You can start here: http://en.wikipedia.org/wiki/Andrew_Wakefield.
"A continuously variable transmission (CVT) is a transmission that can change seamlessly through an infinite number of effective gear ratios between maximum and minimum values. This contrasts with other mechanical transmissions that offer a fixed number of gear ratios. The flexibility of a CVT allows the input shaft to maintain a constant angular velocity."
My 2012 Toyota iQ 1.33 has one, and it's the smoothest ride you could ask for. A passenger once commented "You never hear it changing gears", to which I answered "that's because it never does"
Thank you, that was a very informative link.
I guess the answer really is twofold; for one, everything is moving apart from everything else, so two objects moving apart on directly opposed vectors could do so at very, very close to the speed of light and the combined speed of separation for an external observer would be almost twice the speed of light, and secondly that the speed of light "limit" is for things travelling through the universe, not the fabric of the universe itself.
Thank you again
inflation - a particular period of rapid expansion immediately after the big bang.
"Rapid" doesn't really do it justice; if I've understood the theories (or rather, the analogies of the theories) correctly the expansion was equivalent to an object the size of a proton swelling to 10^19 light years across, in just 10^-33 seconds.
Also, and yet again I may be misunderstanding the analogies of the theories (I'm very far from being a cosmologist), the size of the observable universe was roughly 3 metres at that point; the whole universe was about 10^23 metres across - so it grew a fair bit in the intervening 13.8 billion years as well, but not nearly as rapidly as during inflation.
Which leads me to a question that always nagged me; wasn't the speed of expansion during inflation faster than the speed of light? Any cosmologist or mathematicians out there want to offer some insight?
Yep, just a plain old orange BIOHAZARD sticker works wonders.
At the end of the Permian era, 250m years ago, the global temperature rose by six degrees. That wiped out 95% of all life on earth.
That's why people come to that conclusion; it has happened before.
That, and the fact that just a few degrees may well kill off just about all marine life, raise sea levels, create deserts where there's currently farmland, melt the permafrost (releasing massive amounts of methane into the atmosphere, further accelerating global warming), melt the polar ice caps and the glaciers, deforest the rain forests, and basically make the world a hell-hole.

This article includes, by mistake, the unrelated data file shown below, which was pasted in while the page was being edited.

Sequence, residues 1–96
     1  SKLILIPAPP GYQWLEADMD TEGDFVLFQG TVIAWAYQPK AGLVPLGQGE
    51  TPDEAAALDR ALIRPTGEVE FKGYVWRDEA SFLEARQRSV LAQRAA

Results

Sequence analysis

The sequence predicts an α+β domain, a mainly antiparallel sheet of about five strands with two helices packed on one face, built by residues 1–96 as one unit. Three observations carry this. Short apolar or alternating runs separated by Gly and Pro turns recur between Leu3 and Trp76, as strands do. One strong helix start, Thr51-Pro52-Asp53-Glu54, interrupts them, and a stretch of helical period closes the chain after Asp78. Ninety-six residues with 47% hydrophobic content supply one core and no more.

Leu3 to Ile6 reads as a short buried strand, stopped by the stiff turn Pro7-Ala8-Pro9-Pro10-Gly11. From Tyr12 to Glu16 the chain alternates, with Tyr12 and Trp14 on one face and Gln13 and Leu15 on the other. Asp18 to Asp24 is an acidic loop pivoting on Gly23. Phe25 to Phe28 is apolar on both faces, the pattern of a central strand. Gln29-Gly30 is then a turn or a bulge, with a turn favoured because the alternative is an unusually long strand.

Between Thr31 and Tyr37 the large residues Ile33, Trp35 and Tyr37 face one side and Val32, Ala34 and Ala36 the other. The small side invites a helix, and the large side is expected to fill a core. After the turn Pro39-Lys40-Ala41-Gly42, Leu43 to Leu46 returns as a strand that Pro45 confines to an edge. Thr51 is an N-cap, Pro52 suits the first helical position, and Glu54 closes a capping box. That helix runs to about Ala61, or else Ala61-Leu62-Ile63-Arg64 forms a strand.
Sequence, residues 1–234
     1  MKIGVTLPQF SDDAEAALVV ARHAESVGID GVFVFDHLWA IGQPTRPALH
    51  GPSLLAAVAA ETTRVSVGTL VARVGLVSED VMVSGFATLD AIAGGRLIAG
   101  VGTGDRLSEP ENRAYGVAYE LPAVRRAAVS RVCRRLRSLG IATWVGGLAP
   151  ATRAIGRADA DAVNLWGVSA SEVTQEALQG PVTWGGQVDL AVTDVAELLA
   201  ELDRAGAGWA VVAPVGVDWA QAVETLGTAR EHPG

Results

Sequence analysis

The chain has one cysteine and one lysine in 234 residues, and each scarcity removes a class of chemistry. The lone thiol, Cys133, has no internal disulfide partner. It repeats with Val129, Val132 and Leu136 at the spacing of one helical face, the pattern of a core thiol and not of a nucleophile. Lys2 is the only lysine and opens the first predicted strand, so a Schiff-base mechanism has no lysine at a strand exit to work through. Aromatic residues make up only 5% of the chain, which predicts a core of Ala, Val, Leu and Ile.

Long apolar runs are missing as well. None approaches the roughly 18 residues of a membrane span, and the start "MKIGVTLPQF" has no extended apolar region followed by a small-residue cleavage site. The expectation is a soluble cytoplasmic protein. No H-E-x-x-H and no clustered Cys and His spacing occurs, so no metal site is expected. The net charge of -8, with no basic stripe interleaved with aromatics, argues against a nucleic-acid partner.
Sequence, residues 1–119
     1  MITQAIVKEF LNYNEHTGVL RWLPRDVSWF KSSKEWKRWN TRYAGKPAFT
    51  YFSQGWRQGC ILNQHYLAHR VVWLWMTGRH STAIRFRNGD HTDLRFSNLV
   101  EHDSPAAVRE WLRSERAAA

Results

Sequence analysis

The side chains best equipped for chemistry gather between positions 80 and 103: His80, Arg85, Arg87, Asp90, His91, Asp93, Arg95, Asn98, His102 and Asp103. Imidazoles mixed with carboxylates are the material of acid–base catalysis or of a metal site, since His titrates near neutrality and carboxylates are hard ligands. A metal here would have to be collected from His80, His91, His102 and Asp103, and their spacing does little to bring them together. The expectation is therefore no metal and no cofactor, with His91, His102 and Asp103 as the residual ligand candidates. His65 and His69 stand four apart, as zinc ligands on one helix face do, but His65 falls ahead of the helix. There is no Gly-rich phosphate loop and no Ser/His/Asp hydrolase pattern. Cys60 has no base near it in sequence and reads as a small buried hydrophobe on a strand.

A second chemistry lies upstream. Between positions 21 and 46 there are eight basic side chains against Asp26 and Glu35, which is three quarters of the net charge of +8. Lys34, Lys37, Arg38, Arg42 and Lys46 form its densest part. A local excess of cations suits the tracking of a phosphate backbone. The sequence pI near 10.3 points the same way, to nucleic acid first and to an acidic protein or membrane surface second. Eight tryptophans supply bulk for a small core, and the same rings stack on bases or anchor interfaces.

Sure, humanity could possibly survive; but at what cost and what kind of life would it be? We can't build AC and heating for the whole ecosystem...
Here's an interesting doomsday summary, degree by degree, from one to six degrees: http://globalwarming.berrens.nl/globalwarming.htm
very cold throughout europe
You don't live in Europe, do you?
In Northern Europe it has been one of the mildest winters in 50 years.
Just the other week I actually completed the main quest line in Skyrim for the first time - and then I looked at my Steam stats. 330 hours played...
And that's without any of the DLCs
Quite looking forward to Elder Scrolls Online now - the PvP looks excellent from what I've seen
First, is the planet getting warmer? On that I'd say there's general agreement, although it is not a 100% consensus.
It's a 99.something% consensus, which is as solid as any consensus among a large population is ever going to get. Out of 13,950 peer-reviewed climate articles from 1991-2012, only 24 reject global warming. (source)
Second, if it is getting warmer, is it caused in large part by human activity or is it part of some natural variation? This is the sticking point. If it's part of a natural variation in temperature -- and I will point out many such variations have happened in the past few million years, all without any input from humans -- then there is no need for us to radically alter our life to stop it because such actions will have no positive climatic effect while having a signficant negative effect on quality of life.
All the evidence we have for previous natural variations show them to be slow (or extremely rapid, as in catastrophically rapid - impact events or super-volcano eruptions); the changes we're seeing today is way too rapid to conform to any known natural cycle. The difference, of course, is that we're around and actively adding greenhouse gasses to the atmosphere. In short, not a "natural variation".